In the case of peanut allergy, the National Institute for Allergy and Infectious Disease (NIAID) issued new updated guidelines in in order to define high, moderate and low-risk infants for developing peanut allergy. The guidelines also address how to proceed with introduction based on risk.

The updated guidelines are a breakthrough for the prevention of peanut allergy. Peanut allergy has become much more prevalent in recent years, and there is now a roadmap to prevent numerous new cases.

According to the new guidelines, an baby at high risk of developing peanut allergy is one with severe eczema and/or egg allergy. The guidelines recommend introduction of peanut-containing foods as early as months for high-risk infants who own already started solid foods, after determining that it is safe to do so. Parents should know that most infants are either moderate- or low-risk for developing peanut allergies, and most can own peanut-containing foods introduced at home.

Whole peanuts should never be given to infants because they are a choking hazard.

If your kid has no factors to be at high risk, the best way to introduce peanuts is to make certain first of every your kid is healthy – they don’t own a freezing, fever or anything else. Make certain it’s not the first food you’ve introduced to them.

Ruchi Gupta, MD, ACAAI member

Clinical studies are ongoing in food allergy to assist develop tolerances to specific foods. Askyour board-certified allergistif you or your kid may be a candidate for one of these studies.

A food allergy is when the body’s immune system reacts unusually to specific foods.

Although allergic reactions are often mild, they can be extremely serious.

Symptoms of a food allergy can affect diverse areas of the body at the same time. Some common symptoms include:

  1. a raised itchy red rash (urticaria, or «hives»)
  2. swelling of the face, around the eyes, lips, tongue and roof of the mouth (angioedema)
  3. an itchy sensation inside the mouth, throat or ears
  4. vomiting

Read more about the symptoms of food allergies.

Eating out

Be additional careful when eating in restaurants.

Waiters (and sometimes the kitchen staff) may not always know the ingredients of every dish on the menu. Depending on your sensitivity, even just walking into a kitchen or a restaurant can cause an allergic reaction.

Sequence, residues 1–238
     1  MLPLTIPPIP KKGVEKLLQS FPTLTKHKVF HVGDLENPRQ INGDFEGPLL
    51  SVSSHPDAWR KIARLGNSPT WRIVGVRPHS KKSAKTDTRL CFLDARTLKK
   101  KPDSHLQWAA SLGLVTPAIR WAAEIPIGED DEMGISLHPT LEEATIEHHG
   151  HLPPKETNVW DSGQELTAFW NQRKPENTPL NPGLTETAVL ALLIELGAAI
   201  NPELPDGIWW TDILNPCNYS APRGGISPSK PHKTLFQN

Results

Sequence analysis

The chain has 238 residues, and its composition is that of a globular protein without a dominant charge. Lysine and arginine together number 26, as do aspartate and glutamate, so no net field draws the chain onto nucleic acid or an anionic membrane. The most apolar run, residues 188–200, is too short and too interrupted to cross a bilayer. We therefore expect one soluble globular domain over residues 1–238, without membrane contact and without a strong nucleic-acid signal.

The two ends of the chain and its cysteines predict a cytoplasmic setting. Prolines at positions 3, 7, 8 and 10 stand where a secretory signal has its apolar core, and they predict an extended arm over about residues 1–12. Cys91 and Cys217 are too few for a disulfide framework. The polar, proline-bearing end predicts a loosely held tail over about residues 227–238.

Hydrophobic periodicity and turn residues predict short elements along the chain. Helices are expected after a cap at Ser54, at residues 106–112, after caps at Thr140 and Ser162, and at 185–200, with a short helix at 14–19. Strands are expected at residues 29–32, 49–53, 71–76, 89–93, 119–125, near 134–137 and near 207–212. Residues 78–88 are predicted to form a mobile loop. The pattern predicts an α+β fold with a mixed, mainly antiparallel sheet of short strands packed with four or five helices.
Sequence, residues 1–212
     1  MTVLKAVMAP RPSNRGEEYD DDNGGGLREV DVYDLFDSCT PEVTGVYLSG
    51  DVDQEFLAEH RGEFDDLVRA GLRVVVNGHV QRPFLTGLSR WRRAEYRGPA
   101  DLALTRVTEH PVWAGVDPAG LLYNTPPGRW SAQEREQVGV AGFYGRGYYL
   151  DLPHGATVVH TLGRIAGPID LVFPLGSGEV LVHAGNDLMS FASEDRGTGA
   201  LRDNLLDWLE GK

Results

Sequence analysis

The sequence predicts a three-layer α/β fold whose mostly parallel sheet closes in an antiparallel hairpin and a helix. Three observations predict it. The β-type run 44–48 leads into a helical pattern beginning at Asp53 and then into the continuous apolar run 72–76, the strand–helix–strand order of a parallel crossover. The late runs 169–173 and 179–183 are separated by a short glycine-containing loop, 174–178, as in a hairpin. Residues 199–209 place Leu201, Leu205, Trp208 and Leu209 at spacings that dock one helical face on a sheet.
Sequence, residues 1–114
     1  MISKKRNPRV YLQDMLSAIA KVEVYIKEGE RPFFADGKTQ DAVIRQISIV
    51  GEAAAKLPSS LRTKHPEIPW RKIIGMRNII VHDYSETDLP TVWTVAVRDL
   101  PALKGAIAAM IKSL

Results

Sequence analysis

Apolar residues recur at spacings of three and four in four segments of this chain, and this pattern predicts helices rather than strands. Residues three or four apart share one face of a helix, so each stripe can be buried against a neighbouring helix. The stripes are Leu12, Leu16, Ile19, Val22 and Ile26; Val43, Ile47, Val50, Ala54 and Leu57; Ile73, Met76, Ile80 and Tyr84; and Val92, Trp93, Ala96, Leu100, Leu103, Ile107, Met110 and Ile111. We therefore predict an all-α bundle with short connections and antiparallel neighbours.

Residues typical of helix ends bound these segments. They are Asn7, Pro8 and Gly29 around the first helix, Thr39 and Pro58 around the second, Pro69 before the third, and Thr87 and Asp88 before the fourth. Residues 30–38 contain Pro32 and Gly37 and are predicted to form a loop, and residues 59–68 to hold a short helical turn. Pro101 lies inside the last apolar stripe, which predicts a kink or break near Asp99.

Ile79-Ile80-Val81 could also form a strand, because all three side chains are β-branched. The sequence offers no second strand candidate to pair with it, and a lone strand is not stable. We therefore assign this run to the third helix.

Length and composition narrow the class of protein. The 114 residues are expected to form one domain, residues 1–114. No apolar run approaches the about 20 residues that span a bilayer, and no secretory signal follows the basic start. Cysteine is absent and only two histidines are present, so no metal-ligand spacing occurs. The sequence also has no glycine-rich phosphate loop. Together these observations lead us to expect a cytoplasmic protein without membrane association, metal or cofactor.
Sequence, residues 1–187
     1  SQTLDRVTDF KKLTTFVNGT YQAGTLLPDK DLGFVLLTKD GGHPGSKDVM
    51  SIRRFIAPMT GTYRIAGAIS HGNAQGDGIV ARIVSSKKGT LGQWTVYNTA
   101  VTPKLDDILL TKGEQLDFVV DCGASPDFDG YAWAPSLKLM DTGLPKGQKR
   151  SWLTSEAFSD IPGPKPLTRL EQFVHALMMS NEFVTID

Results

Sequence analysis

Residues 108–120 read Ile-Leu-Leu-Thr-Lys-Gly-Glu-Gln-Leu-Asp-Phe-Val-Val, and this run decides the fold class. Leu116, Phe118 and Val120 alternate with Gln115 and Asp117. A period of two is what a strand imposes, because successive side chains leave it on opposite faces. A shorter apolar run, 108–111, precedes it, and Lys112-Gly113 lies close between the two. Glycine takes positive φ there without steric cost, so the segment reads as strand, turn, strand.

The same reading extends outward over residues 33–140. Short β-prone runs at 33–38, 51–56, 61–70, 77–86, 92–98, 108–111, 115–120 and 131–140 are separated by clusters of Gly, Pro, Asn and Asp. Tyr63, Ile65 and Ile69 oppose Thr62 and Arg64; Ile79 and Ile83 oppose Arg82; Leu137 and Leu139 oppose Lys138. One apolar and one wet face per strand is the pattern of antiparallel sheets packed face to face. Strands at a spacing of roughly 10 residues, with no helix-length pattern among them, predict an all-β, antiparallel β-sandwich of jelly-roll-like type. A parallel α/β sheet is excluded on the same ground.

Consider using a “chef card” — available through numerous websites — that identifies your allergy and what you cannot eat. Always tell your servers about your allergies and enquire to speak to the chef, if possible. Stress the need for preparation surfaces, pans, pots and utensils that haven’t been contaminated by your allergen, and clarify with the restaurant staff what dishes on the menu are safe for you.

Managing food allergies in children

No parent wants to see their kid suffer.

Since fatal and near-fatal food allergy reactions can happen at school or other places exterior the home, parents of a kid with food allergies need to make certain that their child’s school has a written emergency action plan. The plan should provide instructions on preventing, recognizing and managing food allergies and should be available in the school and during activities such as sporting events and field trips. If your kid has been prescribed an auto-injector, be certain that you and those responsible for supervising your kid understand how to use it.

In November , President Barack Obama signed into law the School Access to Emergency Epinephrine Act (PL ), which encourages states to adopt laws requiring schools to own epinephrine auto-injectors on hand.

As of tardy , dozens of states had passed laws that either require schools to own a supply of epinephrine auto-injectors for general use or permit school districts the option of providing a supply of epinephrine.

What are food allergies

Numerous of these laws are new, and it is uncertain how well they are being implemented. As a result, ACAAI still recommends that providers caring for food-allergic children in states with such laws maintain at least two units of epinephrine per allergic kid attending the school.

Anaphylaxis

Symptoms caused by a food allergy can range from mild to life-threatening; the severity of each reaction is unpredictable.

What are food allergies

People who own previously experienced only mild symptoms may suddenly experience a life-threatening reaction called anaphylaxis, which can, among other things, impair breathing and cause a sudden drop in blood pressure. This is why allergists do not love to classify someone as “mildly” or “severely” food allergic — there is just no way to tell what may happen with the next reaction. In the U.S., food allergy is the leading cause of anaphylaxis exterior the hospital setting.

Epinephrine (adrenaline) is the first-line treatment for anaphylaxis, which results when exposure to an allergen triggers a flood of chemicals that can send your body into shock.

Anaphylaxis can happen within seconds or minutes of exposure to the allergen, can worsen quickly and can be fatal.